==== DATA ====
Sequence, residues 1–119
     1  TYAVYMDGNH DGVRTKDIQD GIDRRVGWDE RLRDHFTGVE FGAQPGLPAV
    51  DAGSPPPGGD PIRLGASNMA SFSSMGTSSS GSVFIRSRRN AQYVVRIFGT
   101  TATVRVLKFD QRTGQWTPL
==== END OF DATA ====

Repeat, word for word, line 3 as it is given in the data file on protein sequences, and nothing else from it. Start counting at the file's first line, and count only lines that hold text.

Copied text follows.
    51  DAGSPPPGGD PIRLGASNMA SFSSMGTSSS GSVFIRSRRN AQYVVRIFGT